The Antonov An-2 is in the history books as the largest single engine biplane ever put into production. Being a biplane first flown after World War Two, the An-2 was something of an anachronism when it was introduced. However, the aircraft had a very unique set of flying characteristics that would make the job of any aircraft intended to replace it a very high order indeed. The An-2 was an extremely self-sufficient aircraft noted for its tough-as-nails construction and STOL performance that has been next to impossible for any other fixed wing aircraft to match.

While the Turbolet certainly has never been able to equal the An-2’s STOL capabilities, in its STOL optimised form it does possess the performance to give it a place among a small handful of aircraft in its class that are capable of operating from the Tenzing-Hillary Airport in Lukla, Nepal.

Tenzing-Hillary has a long standing reputation as one of the most demanding and dangerous airports for any aircraft and pilot to operate from. This comes from the high altitude the airport is situated at, its short runway length and the unforgiving mountainous terrain that surrounds the airport. Any aircraft and pilot must hold special certifications to fly into and out of the airport. Along with the DeHavilland Canada DHC-6 Twin Otter and the Dornier Do-228 from Germany, the Turbolet is among those few aircraft in its class to be certified for operations from this airport.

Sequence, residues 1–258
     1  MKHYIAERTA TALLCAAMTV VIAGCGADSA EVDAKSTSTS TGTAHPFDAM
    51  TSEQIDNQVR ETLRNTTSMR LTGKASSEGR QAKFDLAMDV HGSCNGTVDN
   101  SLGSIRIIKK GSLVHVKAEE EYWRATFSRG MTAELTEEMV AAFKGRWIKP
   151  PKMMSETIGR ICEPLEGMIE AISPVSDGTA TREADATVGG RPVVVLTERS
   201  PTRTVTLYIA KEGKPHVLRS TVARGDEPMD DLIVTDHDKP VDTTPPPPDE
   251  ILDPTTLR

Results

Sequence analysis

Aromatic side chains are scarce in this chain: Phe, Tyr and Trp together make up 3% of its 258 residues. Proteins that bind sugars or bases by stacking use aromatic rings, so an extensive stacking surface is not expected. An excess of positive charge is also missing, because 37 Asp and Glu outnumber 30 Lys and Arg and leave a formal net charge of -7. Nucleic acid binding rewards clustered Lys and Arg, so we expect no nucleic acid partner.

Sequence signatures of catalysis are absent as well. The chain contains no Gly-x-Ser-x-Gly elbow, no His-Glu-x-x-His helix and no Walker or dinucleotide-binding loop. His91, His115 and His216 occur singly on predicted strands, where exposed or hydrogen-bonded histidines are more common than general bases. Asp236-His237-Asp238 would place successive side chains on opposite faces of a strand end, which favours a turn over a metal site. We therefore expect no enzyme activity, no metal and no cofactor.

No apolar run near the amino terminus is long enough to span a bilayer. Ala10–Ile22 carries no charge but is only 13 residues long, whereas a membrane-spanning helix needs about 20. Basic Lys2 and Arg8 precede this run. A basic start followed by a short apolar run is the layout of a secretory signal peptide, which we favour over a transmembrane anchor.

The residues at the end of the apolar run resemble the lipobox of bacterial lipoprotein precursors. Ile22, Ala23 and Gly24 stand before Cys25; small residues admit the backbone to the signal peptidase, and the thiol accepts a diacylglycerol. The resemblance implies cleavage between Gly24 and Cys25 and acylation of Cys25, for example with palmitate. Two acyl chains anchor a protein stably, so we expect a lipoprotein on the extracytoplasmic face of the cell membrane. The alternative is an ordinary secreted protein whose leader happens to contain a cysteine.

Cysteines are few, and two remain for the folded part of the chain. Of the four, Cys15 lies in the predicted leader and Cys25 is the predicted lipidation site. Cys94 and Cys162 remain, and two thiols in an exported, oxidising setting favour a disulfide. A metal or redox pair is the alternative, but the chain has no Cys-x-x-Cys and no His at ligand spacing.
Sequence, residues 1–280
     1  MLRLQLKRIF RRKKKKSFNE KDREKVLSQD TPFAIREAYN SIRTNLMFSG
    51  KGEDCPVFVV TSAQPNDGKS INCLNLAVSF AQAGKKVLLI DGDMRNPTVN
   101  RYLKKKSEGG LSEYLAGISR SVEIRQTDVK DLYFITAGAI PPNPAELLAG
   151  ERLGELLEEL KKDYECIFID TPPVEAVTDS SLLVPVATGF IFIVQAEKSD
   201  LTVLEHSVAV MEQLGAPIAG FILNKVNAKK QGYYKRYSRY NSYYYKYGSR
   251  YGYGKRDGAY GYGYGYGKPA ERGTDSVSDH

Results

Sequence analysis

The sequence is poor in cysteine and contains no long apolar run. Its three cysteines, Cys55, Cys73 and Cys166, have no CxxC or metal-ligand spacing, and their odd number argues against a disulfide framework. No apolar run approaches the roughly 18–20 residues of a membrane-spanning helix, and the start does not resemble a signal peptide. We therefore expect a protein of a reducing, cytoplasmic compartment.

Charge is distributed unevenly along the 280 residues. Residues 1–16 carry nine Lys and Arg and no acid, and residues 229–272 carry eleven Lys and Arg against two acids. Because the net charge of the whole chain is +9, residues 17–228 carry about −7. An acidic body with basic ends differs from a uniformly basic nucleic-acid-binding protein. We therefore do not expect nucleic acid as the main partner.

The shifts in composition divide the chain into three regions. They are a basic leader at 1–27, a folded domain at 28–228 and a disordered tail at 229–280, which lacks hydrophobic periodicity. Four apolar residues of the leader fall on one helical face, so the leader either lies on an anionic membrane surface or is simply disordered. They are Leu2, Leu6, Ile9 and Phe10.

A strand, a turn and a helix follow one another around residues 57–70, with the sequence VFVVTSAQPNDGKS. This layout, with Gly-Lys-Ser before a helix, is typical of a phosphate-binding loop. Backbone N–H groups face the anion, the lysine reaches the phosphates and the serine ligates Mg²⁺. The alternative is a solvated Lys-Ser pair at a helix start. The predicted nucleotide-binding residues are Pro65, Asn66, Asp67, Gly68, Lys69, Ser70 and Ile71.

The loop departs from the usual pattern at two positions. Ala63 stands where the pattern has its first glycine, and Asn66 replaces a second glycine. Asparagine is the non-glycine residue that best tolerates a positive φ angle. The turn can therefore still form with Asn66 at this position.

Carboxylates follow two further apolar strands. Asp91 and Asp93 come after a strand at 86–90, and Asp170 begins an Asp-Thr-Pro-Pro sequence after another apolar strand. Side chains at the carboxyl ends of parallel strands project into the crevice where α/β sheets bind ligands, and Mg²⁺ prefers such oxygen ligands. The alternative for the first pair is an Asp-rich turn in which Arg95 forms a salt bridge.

The third prototype XL-410 “Zuzka” seen preserved at Kunovice, Czech Republic in 2020.

As with its nearest contemporary designs, the Turbolet is built relatively low to the ground with its wing set high on the fuselage. This configuration allows good access to critical areas of the aircraft for servicing while still allowing maintenance crews to stand on the ground or require nothing more advanced than a basic stepladder to do their jobs. The configuration also allows for easy loading of cargo or passenger boarding as no specialized airstairs or cargo lifting machinery are required to load the aircraft.

Certified to operate in temperatures that range from -50C (-58F) to 50C (122F), there are very few environments on Earth where the Turbolet would be unfit to work.

With a take off run of around 510 metres (1,673 feet) and a landing run of around 500 metres (1,640 feet) in its STOL optimised versions, there are very few places in the world the Turbolet could not get into or out of.